Bertha Capen Reynolds Oral History, 1976
Bertha Capen Reynolds Oral History and Brief Biography
–Modified from 1985 Biographical note by Rachel A. Levine, Literary Executor for Bertha Capen Reynolds.
Bertha Capen Reynolds was a pioneer educator and practitioner in the field of social work and an innovative writer on broader social subjects.
Born in 1885 in Brockton, MA, she first attended Smith College in 1904 as an undergraduate with support of her aunt, Bessie T. Capen, principal of the Capen (later Burnham) School in Northampton. In 1908 she graduated Phi Beta Kappa. She then moved to Georgia where she taught at the high school linked to the historically black Atlanta University for two years before leaving due to ill health.
After a brief psychotherapy with James J. Putnam, M.D., she enrolled in the Boston School for Social Workers (later the Simmons College School of Social Work) in 1912. A year later, she began working as a caseworker for the Boston Children’s Aid Society, where she stayed until 1918. That year, she participated in the first course in psychiatric social work at Boston Psychopathic Hospital under Elmer E. Southard and Mary C. Jarrett and then followed them to Northampton, MA that summer to study at the first session of what became the Smith College School for Social Work. You can view pages from her diary that first summer in which she transcribed songs including “They Go Wild, Simply Wild, Over Freud” and remembered events.
The following year, 1919, she and Mary S. Doran published a monograph, The Selection of Foster Homes for Children. For the next six years, she worked as director of social services at Danvers State Hospital and in new clinics for behavioral training of pre-school children in the Division of Mental Hygiene in Boston. In 1925, Director Everett Kimball invited her to become the associate director of the Smith College School for Social Work, where she taught courses in the summer term and supervised students’ field placements during the rest of the year. In addition, she conducted research and had clinical assignments at the Child Guidance Clinic in Philadelphia and at the Institute for Child Guidance and the Jewish Board of Guardians in New York.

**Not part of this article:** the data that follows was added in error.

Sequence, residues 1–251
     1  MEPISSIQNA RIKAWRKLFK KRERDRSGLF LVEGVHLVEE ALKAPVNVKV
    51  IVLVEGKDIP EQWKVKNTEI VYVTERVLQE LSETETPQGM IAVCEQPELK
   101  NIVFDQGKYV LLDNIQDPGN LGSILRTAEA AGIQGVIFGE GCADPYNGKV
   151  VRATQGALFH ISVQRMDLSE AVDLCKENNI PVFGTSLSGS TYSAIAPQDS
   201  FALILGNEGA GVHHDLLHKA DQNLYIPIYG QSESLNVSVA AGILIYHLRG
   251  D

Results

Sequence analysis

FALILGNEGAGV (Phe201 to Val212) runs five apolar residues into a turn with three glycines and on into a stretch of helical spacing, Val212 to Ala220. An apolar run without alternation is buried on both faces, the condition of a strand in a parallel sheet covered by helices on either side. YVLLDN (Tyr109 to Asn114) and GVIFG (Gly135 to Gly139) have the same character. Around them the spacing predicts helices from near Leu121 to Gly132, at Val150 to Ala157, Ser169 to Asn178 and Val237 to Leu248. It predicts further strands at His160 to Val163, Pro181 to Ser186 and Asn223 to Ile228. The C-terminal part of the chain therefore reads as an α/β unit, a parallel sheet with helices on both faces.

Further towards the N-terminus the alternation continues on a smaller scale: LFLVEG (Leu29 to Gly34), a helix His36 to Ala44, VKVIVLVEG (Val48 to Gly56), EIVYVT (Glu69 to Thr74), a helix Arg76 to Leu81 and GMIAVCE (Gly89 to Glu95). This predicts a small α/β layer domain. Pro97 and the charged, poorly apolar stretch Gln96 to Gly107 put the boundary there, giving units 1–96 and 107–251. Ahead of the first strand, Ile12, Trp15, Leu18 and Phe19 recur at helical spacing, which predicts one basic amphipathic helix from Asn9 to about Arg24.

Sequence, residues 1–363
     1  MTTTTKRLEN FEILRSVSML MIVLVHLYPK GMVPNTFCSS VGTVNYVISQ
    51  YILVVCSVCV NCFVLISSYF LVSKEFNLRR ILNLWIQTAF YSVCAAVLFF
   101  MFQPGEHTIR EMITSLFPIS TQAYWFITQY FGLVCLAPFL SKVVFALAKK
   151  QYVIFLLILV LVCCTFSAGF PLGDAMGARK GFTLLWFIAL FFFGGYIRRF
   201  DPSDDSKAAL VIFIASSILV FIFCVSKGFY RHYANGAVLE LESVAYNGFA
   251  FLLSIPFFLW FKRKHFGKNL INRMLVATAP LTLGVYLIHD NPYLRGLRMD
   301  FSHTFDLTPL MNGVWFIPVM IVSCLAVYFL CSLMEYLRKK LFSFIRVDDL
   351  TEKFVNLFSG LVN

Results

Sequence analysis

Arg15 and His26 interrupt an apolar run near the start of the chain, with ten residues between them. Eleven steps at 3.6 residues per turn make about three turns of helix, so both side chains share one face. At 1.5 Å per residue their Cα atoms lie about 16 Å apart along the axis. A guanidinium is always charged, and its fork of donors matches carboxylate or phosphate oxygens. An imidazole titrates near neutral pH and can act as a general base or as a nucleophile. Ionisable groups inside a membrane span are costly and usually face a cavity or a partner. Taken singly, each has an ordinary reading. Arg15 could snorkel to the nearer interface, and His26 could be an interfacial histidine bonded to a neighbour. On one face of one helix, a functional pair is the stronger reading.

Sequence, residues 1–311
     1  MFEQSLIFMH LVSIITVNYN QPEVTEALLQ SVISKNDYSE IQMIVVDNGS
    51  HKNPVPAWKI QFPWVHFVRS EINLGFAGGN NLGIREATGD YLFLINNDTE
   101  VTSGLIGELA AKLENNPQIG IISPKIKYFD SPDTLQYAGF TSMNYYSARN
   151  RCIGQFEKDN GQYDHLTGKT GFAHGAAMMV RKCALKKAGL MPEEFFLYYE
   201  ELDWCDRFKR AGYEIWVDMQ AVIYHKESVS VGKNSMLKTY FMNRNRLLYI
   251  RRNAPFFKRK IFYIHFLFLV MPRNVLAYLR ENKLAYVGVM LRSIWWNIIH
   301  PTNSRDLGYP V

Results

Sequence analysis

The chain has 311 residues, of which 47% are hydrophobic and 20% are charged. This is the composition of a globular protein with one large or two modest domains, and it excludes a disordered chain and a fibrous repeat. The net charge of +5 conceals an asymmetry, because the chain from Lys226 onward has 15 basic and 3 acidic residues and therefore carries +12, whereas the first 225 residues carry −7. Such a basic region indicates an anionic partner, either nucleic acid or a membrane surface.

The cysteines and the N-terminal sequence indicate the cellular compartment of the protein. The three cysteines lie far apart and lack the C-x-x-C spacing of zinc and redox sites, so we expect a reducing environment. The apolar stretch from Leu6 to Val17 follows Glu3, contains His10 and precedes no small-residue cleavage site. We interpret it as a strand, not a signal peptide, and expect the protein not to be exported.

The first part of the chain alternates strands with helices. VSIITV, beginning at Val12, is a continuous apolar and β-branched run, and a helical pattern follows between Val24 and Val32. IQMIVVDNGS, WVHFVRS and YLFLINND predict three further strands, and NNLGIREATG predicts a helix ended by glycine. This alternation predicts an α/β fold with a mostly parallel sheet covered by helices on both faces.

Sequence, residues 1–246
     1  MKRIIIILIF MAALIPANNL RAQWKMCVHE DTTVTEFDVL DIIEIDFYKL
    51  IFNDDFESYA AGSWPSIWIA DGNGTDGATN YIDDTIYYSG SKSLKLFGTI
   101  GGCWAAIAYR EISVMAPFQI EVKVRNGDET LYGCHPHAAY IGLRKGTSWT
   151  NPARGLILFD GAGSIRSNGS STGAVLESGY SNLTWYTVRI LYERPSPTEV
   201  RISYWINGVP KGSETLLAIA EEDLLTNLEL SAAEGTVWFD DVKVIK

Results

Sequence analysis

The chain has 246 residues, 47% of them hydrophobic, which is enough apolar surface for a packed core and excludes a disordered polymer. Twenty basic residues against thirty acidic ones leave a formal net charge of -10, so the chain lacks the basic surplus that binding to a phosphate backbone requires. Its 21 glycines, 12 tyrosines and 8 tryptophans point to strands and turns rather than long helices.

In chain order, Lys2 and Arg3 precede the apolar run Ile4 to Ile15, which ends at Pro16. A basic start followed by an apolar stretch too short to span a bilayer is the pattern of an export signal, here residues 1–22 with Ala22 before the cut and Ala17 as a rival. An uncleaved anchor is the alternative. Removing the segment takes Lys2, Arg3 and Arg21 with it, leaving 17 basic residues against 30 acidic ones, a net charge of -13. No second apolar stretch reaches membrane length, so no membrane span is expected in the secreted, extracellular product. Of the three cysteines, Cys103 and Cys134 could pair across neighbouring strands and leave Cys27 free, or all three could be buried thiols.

In a collection of letters between Reynolds and Everett, she mentions several times the transformations an intensive psychoanalysis with Frankwood E. Williams, M.D., 1927-28 wrought within her. These letters also document the nature of the professional collaboration between the two administrators of SSW. Reynolds was the third associate director to work with Kimball in the SSW. Kimball pushed out the first two, Mary Jarrett and Elsa Baker Brown, after only two years each. Reynolds addressed the question of his ability to work with opinionated women in the oral history below. These letters also reveal Reynolds gaining in her confidence as a leader and teacher and Kimball’s response to that growth. In another document in the Smith College Special Collection, she urged Kimball to admit black students.
During the 1930s, Reynolds presented her first major paper, “The Role of the Psychiatric Social Worker in Therapy,” at the First International Congress on Mental Hygiene, traveled around the country giving speeches and conducting in-service institutes for social workers, and published several articles in The Family on casework and the relationship of social work to society. In 1932, she resumed psychoanalysis with Dr. Williams after five-year interval. In 1934, she became a member of the advisory council and an important contributor to Social Work Today, a journal of the rank-and-file movement made up mainly of public relief workers who advocated unionization of social workers. That same year, her book Between Client and Community: A Study in Responsibility in Social Case Work was published.
In 1935, Reynolds designed and taught the courses for the first advanced program, Plan D, for the training of supervisors and teachers of social work. Annette Garrett took on Reynolds’s former responsibilities, while Reynolds became the associate director in charge of advanced courses. Two years later, she offered her resignation to Everett Kimball, director of the School for Social Work, due to their disagreement over the direction of the program, her political activities, and his insistence that Plan D be terminated.
After leaving SSW in 1938, Reynolds became self-employed as a consultant in staff development for social work agencies. In 1942, her major work for social work educators, Learning and Teaching in the Practice of Social Work, came out. It described the contributions of psychology and the social sciences to the problems of practice and teaching in social work.
In 1948, she retired to the family home in Stoughton, where she studied Marxist works, corresponded with friends and former students, had a small clinical practice, and worked as a volunteer on community projects, for the Methodist Church, and the Stoughton Historical Society. She also wrote her autobiography, An Uncharted Journey, which was then published in 1963. In the 1960s, her social work peers began to recognize her foundational contributions to their profession, after being marginalized for two decades for her Marxist inspired opinions. From 1964 to 1976, she was honored by Boston University; the Adelphi, Columbia, Fordham, Hunter, New York University, and Yeshiva schools of social work; the New York City chapter of the National Association of Social Workers; and the alumni of the Smith College School for Social Work.
Bertha Capen Reynolds died at home in Stoughton on October 29, 1978, just two years after giving the oral history interview transcribed below.